Alcohol = 7cals per gram
The majority of foods will contain a mix of these. The way you choose to distribute them will affect your results.
Important for muscle growth, muscle maintenance and satiety.
It has a high thermic effect meaning you burn a lot of calories during the digestion.
Valuable source of energy that has little impact insulin levels. High calorie per gram at 9. Diets that prioritise fat and protein for fuel are shown to be more effective for fat loss than equal calorie diets higher in carbs. Link
Useful energy source. Helps athletic performance.
+ cake. I love cake.
How you share out your calories into the various macros isn't a simple concept.
Find out why from my previous blog - https://www.davidkingsbury.co.uk/blog/whatshouldmycaloriesandmacrosbe/
If you don't want professional advice. And I don't mean Instagram fitness guru advice. I mean real advice.
Then before starting, ask yourself these questions about the way of eating you are looking at.....
Does it allow you to hit your calories consistently?
Do you enjoy the way of eating? Can you fit it in with your life? Is it sustainable?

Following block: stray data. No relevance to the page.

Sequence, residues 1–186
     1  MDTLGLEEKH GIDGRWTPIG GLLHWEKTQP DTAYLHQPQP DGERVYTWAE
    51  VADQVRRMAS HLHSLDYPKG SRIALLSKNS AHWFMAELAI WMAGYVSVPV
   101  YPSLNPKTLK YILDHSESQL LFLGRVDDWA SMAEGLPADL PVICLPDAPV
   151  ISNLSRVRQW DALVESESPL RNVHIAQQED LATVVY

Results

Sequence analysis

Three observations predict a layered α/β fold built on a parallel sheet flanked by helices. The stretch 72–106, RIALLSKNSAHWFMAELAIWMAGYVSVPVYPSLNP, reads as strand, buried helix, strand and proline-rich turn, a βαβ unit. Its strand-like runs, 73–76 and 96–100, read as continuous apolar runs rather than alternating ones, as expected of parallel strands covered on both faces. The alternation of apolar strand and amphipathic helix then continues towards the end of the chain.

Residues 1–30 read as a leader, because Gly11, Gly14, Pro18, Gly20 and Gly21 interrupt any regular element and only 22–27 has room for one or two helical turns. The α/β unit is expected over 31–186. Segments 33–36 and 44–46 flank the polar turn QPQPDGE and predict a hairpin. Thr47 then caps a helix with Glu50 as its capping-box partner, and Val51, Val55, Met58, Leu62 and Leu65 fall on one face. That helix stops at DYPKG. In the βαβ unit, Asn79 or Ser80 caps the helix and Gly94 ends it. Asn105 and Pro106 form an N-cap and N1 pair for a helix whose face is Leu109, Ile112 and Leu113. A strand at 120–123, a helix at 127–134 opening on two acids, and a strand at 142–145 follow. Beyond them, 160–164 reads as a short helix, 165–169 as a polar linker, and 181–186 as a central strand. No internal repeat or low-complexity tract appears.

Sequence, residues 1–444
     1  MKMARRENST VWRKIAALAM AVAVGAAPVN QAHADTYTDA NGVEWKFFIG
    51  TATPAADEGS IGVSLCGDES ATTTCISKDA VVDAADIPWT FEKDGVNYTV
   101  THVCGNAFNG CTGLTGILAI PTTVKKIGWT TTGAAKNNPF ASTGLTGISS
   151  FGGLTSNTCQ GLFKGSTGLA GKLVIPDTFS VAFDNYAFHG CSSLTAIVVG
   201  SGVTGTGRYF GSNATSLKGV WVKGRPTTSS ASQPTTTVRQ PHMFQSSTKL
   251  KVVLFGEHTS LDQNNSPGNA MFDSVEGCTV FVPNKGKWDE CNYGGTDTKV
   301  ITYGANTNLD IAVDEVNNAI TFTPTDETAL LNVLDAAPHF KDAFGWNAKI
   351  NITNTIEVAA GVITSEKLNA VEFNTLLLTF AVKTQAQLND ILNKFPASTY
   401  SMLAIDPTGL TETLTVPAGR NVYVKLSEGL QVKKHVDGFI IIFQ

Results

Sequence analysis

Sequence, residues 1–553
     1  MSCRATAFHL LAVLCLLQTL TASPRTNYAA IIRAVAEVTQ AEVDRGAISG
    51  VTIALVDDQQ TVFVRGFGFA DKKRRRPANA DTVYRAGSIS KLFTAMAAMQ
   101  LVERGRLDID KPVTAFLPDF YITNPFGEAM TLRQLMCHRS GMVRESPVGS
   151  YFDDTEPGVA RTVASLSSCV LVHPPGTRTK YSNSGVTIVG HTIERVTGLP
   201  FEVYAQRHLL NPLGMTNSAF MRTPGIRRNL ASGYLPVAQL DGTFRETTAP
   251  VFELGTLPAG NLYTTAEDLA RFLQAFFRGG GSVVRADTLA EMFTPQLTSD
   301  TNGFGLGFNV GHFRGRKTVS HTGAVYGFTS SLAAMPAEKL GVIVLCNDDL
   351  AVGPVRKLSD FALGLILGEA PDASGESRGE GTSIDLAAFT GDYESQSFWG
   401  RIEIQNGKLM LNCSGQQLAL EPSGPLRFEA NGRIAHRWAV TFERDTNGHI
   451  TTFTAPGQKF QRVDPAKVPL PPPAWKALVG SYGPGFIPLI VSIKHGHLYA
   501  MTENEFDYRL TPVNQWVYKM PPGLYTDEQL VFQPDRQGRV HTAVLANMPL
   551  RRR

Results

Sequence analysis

Does it provide you the energy you need for the stuff that really matters?
Your balance is body type, preference and goal dependent.
Don't trust one size fits all macros.
When you eat and how often you eat have little impact on your overall goals.
Focus on your calorie and macros first and foremost.
Your food choices.
Yes, food matters. Whilst you can lose weight eating anything as long as you hit your deficit this is far from ideal.
Why food matters...
Health- good quality, whole foods are better for you. They will provide your body with vitamins, minerals and nutrients for better energy, sleep, reduced risk of disease and a longer life. After all it's not just about losing weight!
Healthy foods can also help contribute to the positive changes in body composition. Eating whole foods will increase satiety, have a higher thermic effect and provide less crap. Meaning you likely eat less, absorb less and get the stuff you need, not the stuff you don't need.